Debt, Freedom and Slavery in Neoliberal Times

Chair: Anne Graefer, School of Arts and Cultures, Newcastle University

3:15 – 3.45 – Coffee break

3.45 – 4.45Carolyn Pedwell,

Alternative Empathies: Representing Slavery’s Affective Afterlives

Chair: John Richardson, School of Arts and Cultures, Newcastle University

4.45 – 5.45 – Roundtable

Dr. Kate Manzo (Geography, Newcastle University)

Dr. Diana Paton (History, Newcastle University)

Dr. Rachel Wells (Fine Art, Newcastle University)

Chair: Daniel McNeil

6.00pm – Wine Reception

Northern Stage

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Abstracts

Negative Positives: The Guardian, The Slave, The Wit and The Money

Lubaina Himid, Centre for Contemporary Art, University of Central Lancashire

This essentially visual presentation will attempt to show how The Guardian newspaper in 2007, and then just as strongly during subsequent years, constantly suggests that European sports teams and clubs disproportionally overspend when buying, selling and keeping black players.  While this is not an unusual stance by journalists in the British sporting press, The Guardian by frequently and jokily representing footballers and athletes via mocking photographs, degrading texts and or damaging juxtapositions of both, subtly ‘reminds’ its readers, many of whom are public health and social workers, teachers and academics as well as workers in the creative industries, of historically familiar racial stereotypes. The newspaper designers, by taking this approach, contribute to a situation in which the athletes remain within a ‘state of unbelonging’.

Much of Lubaina Himid’s recent creative visual practice has been taken up with building this archive of images and texts. The creation of a series of paper works, Negative Positives, in which ‘over-painting to emphasise’ has gone some way towards reclaiming the dignity of the people represented has however, to some degree, minimalised the findings and rendered them outside the debates they were intended to develop. Through the sharing of a range of these collected images both overpainted and in their original state, many from the year of commemoration 2007, Himid will invite discussion around how this subtle and oftentimes witty degradation of wealthy black elites undermines the campaigns opposed to contemporary slavery while at the same time visually fixing the black person as ‘other’ to be bought and sold.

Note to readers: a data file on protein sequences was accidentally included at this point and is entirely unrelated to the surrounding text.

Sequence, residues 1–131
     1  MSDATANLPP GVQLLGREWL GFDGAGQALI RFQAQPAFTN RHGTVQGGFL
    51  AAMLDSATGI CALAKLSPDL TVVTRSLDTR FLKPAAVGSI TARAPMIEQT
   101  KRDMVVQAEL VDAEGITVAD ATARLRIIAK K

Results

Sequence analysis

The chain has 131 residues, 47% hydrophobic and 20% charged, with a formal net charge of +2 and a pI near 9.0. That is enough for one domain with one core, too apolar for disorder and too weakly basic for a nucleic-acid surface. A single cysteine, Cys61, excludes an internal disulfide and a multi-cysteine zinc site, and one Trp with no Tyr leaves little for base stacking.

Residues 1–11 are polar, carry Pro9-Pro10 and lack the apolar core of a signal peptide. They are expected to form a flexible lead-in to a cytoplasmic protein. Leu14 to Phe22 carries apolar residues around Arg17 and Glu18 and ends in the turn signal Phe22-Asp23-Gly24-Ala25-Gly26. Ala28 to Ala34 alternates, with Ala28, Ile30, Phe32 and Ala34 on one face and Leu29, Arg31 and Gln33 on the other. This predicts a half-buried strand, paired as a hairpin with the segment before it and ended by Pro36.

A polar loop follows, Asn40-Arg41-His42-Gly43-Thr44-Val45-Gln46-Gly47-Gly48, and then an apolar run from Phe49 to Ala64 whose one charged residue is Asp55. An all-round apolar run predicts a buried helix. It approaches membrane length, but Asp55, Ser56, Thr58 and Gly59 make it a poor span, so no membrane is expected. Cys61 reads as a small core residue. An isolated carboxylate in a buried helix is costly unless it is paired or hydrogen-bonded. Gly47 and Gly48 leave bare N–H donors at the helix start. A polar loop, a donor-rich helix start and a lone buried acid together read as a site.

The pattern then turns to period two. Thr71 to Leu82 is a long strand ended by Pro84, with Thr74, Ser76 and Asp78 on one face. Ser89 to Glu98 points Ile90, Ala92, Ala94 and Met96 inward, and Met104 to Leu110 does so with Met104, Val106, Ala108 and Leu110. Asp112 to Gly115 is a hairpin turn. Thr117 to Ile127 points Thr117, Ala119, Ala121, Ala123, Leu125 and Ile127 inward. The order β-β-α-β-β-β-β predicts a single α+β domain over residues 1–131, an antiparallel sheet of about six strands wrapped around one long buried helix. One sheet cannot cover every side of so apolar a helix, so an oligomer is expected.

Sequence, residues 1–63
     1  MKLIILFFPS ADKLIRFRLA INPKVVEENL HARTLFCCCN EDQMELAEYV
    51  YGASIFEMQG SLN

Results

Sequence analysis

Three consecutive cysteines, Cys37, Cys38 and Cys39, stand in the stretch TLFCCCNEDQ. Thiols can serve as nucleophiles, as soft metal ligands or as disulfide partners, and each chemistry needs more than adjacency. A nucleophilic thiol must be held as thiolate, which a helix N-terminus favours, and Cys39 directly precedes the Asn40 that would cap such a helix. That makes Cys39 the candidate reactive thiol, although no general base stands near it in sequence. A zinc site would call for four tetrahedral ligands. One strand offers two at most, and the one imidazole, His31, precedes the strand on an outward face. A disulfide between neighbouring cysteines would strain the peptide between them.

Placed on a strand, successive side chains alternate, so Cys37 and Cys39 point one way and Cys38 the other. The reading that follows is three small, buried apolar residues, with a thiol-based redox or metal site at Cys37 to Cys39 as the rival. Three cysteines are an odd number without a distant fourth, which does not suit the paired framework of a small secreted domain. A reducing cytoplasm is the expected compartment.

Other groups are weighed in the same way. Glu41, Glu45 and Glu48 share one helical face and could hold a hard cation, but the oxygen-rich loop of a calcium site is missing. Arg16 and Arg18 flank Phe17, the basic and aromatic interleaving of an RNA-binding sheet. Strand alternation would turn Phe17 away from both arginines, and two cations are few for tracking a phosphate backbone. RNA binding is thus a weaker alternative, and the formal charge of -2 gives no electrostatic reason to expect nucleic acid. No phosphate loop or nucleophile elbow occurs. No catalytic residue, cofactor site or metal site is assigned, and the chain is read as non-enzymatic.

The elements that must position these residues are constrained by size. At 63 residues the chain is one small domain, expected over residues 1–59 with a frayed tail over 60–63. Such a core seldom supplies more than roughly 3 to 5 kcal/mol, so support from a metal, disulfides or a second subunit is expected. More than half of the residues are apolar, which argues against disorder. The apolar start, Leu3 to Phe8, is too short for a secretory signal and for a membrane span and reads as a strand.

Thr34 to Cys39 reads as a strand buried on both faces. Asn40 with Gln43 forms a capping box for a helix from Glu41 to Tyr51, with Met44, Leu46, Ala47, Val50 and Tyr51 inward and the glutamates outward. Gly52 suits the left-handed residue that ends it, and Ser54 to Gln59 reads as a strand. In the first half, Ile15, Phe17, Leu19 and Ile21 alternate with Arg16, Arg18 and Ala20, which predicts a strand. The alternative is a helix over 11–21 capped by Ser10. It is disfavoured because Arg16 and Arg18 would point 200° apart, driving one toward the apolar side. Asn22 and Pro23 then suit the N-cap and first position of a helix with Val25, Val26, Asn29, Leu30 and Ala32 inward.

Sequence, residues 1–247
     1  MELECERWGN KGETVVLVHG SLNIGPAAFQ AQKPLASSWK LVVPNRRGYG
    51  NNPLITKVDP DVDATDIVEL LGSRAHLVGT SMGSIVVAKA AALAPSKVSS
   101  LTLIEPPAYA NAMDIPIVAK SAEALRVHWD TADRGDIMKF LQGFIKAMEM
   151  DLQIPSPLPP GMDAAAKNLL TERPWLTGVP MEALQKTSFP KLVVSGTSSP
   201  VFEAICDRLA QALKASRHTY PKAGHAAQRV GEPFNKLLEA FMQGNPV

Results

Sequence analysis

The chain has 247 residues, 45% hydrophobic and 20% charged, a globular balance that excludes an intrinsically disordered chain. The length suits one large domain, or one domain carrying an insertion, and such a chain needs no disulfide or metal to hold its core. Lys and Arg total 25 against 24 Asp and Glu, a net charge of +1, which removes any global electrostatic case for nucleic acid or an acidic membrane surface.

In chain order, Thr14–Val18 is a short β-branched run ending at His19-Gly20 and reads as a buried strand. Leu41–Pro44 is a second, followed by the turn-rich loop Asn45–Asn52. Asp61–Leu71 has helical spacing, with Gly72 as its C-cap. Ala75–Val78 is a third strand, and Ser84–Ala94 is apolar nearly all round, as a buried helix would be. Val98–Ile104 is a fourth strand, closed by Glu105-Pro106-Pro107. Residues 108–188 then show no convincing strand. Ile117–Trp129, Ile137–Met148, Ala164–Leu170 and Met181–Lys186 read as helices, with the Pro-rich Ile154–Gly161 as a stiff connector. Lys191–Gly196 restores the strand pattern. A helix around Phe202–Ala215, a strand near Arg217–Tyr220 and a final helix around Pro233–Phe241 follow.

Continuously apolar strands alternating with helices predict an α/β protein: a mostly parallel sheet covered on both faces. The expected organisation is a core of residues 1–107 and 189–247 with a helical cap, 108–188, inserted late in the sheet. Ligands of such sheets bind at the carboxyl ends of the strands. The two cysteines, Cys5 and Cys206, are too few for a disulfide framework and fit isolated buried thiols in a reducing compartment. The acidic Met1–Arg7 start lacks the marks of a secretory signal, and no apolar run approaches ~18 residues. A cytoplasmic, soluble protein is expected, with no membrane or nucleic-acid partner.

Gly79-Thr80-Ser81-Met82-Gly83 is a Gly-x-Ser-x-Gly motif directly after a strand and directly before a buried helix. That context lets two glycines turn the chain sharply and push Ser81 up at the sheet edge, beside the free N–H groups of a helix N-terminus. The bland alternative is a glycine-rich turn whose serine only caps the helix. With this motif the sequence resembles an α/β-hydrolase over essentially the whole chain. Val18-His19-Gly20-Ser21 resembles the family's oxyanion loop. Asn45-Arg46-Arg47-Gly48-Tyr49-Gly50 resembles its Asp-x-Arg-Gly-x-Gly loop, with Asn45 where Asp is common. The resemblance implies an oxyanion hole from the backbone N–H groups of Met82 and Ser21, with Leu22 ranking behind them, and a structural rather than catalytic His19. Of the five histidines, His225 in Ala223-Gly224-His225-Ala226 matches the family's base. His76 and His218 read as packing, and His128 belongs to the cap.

Debt, Freedom and Slavery in Neoliberal Times

Julia O’Connell Davidson, University of Nottingham

In dominant discourse on ‘trafficking’, mobility, debt and dependence are configured in a very particular way and the kind of debt involved is clearly marked as disturbing, dangerous, illegal, morally wrong. The trafficker’s objective is to make repayment impossible and so to establish personal, inescapable, and highly asymmetrical relations of power and dependency. Relations between trafficker and victim are represented as the very antithesis of freedom – trafficking is frequently referred to as ‘modern slavery’. And yet debt that generates relations of dependency is also often a feature of forms of mobility that are legally sanctioned; debt that compels people to take on work that they would otherwise refuse is hardly uncommon in Western liberal democracies; and the techniques used to recover legally sanctioned loans from citizen-debtors can be highly coercive. But legally sanctioned debt, backed by the coercive powers of the state, is not framed as ‘modern slavery’. Indeed, in neoliberal times, access to credit, i.e., the ability to indebt oneself by entering into socially sanctioned creditor-debtor relations, is a marker of social inclusion, something that both reflects and affirms political belonging and subjectivity. Starting from an interest in debt as a social relation, and in questions about why some debt relations are sanctioned while others are denounced, this paper is concerned with the ways in which liberal discourse on freedom, rights and citizenship constructs particular types of debt and dependency as ‘modern slavery’ while endorsing other arrangements that, from the vantage point of the individual affected, may appear equally if not more pernicious.

Alternative Empathies: Representing Slavery’s Affective Afterlives

Carolyn Pedwell, Newcastle University